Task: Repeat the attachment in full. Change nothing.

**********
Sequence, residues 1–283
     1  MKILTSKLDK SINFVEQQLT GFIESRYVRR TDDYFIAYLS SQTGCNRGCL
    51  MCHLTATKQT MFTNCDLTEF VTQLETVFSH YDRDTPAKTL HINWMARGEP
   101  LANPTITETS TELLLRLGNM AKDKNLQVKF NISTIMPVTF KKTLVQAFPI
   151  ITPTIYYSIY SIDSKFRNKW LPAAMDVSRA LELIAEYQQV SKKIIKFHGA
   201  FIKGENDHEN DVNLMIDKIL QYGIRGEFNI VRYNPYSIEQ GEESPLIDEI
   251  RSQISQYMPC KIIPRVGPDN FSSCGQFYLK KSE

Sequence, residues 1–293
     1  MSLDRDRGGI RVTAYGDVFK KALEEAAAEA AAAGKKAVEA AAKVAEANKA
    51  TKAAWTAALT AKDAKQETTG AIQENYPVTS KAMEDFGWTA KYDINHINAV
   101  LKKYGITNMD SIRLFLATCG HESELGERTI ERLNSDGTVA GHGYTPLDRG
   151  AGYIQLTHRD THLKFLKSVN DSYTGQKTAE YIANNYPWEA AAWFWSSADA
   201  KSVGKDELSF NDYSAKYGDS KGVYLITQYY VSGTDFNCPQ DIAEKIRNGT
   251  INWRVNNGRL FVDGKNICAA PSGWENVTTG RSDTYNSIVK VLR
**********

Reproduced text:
Sequence, residues 1–283
     1  MKILTSKLDK SINFVEQQLT GFIESRYVRR TDDYFIAYLS SQTGCNRGCL
    51  MCHLTATKQT MFTNCDLTEF VTQLETVFSH YDRDTPAKTL HINWMARGEP
   101  LANPTITETS TELLLRLGNM AKDKNLQVKF NISTIMPVTF KKTLVQAFPI
   151  ITPTIYYSIY SIDSKFRNKW LPAAMDVSRA LELIAEYQQV SKKIIKFHGA
   201  FIKGENDHEN DVNLMIDKIL QYGIRGEFNI VRYNPYSIEQ GEESPLIDEI
   251  RSQISQYMPC KIIPRVGPDN FSSCGQFYLK KSE

Sequence, residues 1–293
     1  MSLDRDRGGI RVTAYGDVFK KALEEAAAEA AAAGKKAVEA AAKVAEANKA
    51  TKAAWTAALT AKDAKQETTG AIQENYPVTS KAMEDFGWTA KYDINHINAV
   101  LKKYGITNMD SIRLFLATCG HESELGERTI ERLNSDGTVA GHGYTPLDRG
   151  AGYIQLTHRD THLKFLKSVN DSYTGQKTAE YIANNYPWEA AAWFWSSADA
   201  KSVGKDELSF NDYSAKYGDS KGVYLITQYY VSGTDFNCPQ DIAEKIRNGT
   251  INWRVNNGRL FVDGKNICAA PSGWENVTTG RSDTYNSIVK VLR